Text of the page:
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LCSD students benefiting from dual-credit courses

During the Lakeland Catholic School District board meeting on Feb. 19, dual-credit coordinator Amanda Wildman made a presentation outlining what’s offered to students through the programming. Photo by Robynne Henry.

BONNYVILLE – Dual-credit courses continue to be a popular choice for Lakeland Catholic School District (LCSD) students. 

Amanda Wildman, dual-credit coordinator for LCSD, updated the board of trustees on career and technology foundations (CTF) and career and technology studies (CTS) courses are available at their schools.

The district started offering the dual-credit options as a way of giving their students a head-start into the working-world before they even graduate.

“Sometimes, it’s hard for our teenagers to know their pathway in post-secondary or career wise,” Wildman explained during the Feb. 19 board meeting. “I’m so proud of our division, board, senior administration, principals, teachers, support staff, and our division partners because we continue to be innovative and take risks so we continue to engage in learning opportunities for our students to best prepare them for their future.”

CTF is offered to students in Grades 5 to 9.

“It’s really about them developing an awareness and understanding of their likes and dislikes,” noted Wildman.

She added, “As students are exploring different CTF challenges at that level, they’re becoming more advanced as they move from Grade 5 to… Grade 9.”

One of the goals of the CTF program is to allow students to explore their interests and passions, along with improving their ability to work in a team.

In the classroom this is done through challenges, which are either developed by the students or posed by a teacher.

“Students may be asked to create a product, service, or performance. The idea is they work as a team to communicate their ideas, create a plan, and then appraise it,” detailed Wildman.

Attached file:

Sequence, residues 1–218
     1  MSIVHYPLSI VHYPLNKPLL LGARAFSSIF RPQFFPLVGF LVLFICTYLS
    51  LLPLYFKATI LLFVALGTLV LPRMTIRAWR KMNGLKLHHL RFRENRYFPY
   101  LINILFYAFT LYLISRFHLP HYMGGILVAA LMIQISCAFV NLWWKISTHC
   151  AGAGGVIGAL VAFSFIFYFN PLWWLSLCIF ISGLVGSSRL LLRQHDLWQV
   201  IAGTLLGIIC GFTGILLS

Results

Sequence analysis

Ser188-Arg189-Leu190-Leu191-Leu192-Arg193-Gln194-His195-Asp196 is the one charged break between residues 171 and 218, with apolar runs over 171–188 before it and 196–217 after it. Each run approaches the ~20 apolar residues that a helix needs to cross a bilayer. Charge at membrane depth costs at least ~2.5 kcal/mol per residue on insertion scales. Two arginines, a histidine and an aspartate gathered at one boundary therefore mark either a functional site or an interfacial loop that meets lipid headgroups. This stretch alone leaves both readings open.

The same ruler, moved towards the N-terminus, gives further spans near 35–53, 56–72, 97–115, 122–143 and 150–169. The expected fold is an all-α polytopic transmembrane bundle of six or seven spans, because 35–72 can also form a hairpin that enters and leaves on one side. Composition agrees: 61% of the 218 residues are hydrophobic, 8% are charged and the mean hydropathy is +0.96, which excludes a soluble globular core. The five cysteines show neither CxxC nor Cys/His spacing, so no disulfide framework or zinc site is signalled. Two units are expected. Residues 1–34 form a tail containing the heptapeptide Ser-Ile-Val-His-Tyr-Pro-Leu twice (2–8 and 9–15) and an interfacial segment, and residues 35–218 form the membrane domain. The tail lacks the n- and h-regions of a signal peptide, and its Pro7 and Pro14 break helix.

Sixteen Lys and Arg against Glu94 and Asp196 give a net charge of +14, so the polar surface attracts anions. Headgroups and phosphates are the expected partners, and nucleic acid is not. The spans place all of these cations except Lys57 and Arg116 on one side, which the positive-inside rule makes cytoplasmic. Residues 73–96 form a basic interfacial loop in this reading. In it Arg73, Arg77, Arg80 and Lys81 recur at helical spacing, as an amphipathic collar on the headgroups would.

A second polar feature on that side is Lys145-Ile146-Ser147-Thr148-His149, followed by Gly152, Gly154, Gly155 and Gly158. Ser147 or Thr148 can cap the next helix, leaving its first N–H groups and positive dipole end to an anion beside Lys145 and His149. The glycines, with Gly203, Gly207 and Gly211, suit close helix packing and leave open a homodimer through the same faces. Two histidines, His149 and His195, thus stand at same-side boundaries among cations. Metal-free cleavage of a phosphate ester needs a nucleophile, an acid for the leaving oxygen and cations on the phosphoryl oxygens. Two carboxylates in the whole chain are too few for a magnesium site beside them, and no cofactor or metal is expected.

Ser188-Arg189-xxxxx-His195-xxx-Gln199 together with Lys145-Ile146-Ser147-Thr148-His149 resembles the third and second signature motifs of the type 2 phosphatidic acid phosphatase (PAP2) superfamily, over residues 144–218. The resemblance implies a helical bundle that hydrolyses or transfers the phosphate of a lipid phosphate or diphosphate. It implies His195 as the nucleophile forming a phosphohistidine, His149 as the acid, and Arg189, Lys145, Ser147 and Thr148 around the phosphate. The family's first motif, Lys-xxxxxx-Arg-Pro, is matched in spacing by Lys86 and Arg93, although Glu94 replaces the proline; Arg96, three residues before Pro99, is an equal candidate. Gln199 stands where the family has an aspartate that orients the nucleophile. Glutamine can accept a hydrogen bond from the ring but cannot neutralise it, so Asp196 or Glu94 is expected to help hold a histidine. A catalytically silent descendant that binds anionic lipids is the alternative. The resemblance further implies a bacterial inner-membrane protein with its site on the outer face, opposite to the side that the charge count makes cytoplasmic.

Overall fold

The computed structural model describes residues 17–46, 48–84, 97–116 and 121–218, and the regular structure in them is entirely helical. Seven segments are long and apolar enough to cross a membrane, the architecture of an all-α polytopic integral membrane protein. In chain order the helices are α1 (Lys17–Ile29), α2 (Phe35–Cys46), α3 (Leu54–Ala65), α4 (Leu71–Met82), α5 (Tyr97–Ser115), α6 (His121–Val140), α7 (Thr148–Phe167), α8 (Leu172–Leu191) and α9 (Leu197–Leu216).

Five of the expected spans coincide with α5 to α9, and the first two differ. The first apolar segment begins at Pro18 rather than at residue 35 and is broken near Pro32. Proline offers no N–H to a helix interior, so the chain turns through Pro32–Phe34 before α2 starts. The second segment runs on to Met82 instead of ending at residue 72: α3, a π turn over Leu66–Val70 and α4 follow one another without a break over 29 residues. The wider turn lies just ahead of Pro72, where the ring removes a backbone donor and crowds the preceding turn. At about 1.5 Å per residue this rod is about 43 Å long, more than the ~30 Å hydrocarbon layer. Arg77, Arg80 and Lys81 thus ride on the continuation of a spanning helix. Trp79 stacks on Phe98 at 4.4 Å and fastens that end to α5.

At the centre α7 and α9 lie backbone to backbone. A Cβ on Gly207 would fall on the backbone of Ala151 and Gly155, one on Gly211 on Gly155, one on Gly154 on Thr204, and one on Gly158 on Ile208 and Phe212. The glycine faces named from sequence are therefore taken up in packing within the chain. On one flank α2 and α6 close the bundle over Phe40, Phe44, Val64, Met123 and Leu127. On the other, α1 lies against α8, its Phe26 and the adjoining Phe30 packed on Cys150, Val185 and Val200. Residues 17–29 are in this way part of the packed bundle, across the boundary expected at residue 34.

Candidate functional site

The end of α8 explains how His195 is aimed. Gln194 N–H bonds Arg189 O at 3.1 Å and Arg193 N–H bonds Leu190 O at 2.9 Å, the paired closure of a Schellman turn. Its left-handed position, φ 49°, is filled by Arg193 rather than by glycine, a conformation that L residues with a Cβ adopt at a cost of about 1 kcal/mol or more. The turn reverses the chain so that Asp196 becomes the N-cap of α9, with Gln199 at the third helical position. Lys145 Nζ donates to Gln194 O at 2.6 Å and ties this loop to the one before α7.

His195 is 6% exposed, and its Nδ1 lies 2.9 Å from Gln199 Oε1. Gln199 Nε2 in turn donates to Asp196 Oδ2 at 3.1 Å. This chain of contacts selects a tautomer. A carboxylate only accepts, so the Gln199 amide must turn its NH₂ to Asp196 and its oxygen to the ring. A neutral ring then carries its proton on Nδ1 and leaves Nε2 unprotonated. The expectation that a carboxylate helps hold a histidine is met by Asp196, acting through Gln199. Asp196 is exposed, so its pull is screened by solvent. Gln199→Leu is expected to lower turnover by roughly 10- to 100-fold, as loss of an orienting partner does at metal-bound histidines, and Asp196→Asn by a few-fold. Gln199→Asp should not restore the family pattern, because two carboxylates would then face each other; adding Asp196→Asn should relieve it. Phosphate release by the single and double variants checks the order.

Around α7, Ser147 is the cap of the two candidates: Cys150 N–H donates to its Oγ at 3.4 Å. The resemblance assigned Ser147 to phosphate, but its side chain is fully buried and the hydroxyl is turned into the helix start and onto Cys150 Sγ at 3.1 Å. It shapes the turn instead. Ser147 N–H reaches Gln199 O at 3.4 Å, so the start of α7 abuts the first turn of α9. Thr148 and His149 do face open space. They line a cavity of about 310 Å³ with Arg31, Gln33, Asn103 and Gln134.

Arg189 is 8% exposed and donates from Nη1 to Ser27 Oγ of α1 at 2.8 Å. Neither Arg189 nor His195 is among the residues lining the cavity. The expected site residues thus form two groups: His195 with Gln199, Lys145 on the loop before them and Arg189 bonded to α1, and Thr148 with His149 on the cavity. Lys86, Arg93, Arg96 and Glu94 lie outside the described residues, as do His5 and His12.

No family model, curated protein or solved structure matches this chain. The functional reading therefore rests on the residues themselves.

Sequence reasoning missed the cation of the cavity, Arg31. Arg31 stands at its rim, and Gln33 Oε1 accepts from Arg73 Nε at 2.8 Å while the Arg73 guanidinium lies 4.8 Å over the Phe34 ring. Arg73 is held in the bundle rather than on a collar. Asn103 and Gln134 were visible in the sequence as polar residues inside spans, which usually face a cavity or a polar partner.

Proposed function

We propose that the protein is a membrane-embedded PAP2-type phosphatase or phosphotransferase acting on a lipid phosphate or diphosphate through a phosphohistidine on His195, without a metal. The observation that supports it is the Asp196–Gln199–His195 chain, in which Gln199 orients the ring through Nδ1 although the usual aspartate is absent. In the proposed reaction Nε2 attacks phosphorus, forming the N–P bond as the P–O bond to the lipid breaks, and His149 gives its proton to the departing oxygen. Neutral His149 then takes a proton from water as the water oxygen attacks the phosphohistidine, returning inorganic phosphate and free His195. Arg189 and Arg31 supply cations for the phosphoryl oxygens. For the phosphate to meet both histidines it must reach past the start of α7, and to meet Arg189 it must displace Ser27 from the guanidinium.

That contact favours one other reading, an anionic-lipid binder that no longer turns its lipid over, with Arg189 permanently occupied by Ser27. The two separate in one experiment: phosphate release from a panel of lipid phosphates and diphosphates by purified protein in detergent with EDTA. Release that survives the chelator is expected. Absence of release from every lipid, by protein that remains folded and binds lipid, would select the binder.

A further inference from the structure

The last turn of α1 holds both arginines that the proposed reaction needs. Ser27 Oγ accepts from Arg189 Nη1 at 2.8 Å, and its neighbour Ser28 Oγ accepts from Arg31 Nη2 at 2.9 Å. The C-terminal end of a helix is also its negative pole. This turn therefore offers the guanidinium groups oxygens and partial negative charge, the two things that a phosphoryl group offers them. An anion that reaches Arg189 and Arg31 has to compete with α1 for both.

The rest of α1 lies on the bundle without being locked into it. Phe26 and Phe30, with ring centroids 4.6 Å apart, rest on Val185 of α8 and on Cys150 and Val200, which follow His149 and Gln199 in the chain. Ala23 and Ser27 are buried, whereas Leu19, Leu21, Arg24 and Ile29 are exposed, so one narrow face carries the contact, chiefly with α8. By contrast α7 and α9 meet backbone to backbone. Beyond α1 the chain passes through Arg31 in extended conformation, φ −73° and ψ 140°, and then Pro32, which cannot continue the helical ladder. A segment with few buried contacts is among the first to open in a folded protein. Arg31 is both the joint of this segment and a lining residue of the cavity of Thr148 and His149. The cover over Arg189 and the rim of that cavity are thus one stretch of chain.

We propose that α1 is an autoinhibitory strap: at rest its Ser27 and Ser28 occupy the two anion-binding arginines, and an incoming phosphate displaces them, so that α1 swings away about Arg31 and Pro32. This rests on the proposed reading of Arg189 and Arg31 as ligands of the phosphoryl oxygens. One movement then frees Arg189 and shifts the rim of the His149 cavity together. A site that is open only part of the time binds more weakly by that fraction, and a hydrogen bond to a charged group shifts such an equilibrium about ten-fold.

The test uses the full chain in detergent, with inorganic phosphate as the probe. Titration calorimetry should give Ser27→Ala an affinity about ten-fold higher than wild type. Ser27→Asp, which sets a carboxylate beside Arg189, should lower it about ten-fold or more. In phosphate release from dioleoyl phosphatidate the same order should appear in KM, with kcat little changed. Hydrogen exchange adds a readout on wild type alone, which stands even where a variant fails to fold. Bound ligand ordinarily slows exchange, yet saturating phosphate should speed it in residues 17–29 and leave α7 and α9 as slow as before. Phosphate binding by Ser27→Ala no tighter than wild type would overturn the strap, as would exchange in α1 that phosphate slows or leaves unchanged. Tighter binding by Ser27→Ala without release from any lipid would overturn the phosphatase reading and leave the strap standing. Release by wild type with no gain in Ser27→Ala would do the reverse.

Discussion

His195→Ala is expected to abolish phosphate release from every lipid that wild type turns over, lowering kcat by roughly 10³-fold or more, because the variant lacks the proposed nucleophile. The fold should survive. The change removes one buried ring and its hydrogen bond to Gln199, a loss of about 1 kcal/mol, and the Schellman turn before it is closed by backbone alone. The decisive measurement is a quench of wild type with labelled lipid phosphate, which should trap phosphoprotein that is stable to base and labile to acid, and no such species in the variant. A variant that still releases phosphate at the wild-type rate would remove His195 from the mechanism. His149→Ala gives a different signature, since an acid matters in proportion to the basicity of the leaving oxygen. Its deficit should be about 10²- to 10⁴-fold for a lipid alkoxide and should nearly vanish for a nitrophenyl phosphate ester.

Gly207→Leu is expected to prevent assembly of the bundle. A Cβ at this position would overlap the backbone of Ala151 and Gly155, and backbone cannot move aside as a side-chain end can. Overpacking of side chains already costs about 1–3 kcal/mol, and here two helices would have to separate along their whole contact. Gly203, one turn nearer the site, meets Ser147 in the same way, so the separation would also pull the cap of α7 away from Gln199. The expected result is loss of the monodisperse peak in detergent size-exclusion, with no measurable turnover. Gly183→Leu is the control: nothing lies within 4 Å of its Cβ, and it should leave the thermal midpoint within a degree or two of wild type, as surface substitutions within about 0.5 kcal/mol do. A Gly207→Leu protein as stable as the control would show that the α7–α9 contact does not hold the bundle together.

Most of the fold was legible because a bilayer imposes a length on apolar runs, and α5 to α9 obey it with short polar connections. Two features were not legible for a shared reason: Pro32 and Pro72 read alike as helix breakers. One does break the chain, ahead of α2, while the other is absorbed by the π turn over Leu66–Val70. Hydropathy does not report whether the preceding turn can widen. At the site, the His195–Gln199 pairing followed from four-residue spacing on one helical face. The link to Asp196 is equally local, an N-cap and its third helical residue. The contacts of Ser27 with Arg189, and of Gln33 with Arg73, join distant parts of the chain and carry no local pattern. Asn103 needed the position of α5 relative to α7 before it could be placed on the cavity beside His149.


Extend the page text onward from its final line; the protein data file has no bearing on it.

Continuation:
At Dr. Bernard Brosseau School in Bonnyville, students are learning about photography and digital editing, video production, driver’s license learner’s prep, and coding.

One stand out Wildman outlined was what’s called genius hour.

“What the students do is they pick a topic that they’re passionate about, they’ll research the topic, and then present their topics however they want. Whether they make a movie or create a keynote, they have the opportunity to present their information in different means.”

Grade 9 classes at Notre Dame High School (NDHS) include CTF challenges in foods, wildlife pathways, communication technology, and construction technology.

The students having the opportunity to gain a new appreciation for nature through the wildlife pathways class was a highlight for trustee Vicky Lefebvre.

“If you live within a city and you never get out, you don’t have an appreciation for the vastness of our properties, bushes, trails, and that kind of stuff that people aren’t necessarily exposed to if they don’t get out.”

According to Wildman, NDHS Grade 9s have learned about fly-fishing, snowshoeing, outdoor survival and first aid, and how to read topographical maps.

“When we’re looking at research, a lot of times we’re seeing things where kids aren’t as engaged in outdoor (activities) or they’re not getting outside as much. Building that appreciation is just critical, and I think it’s sparked something that might be a lifelong interest,” she expressed.

Students in Grades 10 to 12 have the option to participate in CTS and dual-credit pathways. In the 2020/21 school year, NDHS had just over 500 students enrolled in those courses while Assumption had around 230 taking advantage of the program.

Communication technology, robotics, hairstyling, environmental science, foods and fashion, and sports medicine are just some of the professions NDHS students get to experience through the program.

The healthcare aide course is being reintroduced at the school next year, which will explore the variety of health careers that are available.

“They’ll learn about nursing, lab work, and different technicians within a hospital. There’s so many jobs within the health field, and we don’t want to limit our students so they think ‘oh, the only jobs in health are either being a nurse or doctor.’ We want them to realize there’s a great variety out there, and if they don’t know it can be very hard for them to explore those options,” Wildman added.

An integral component of the CTF and CTS courses, Wildman stressed, is having the support from the community to give students a glimpse into different industries.

“We’re so lucky that we have these partners in our communities who open up their doors to let our kids in, and they do that willingly and share their expertise and knowledge with our kids.”

Robynne Henry, Bonnyville Nouvelle

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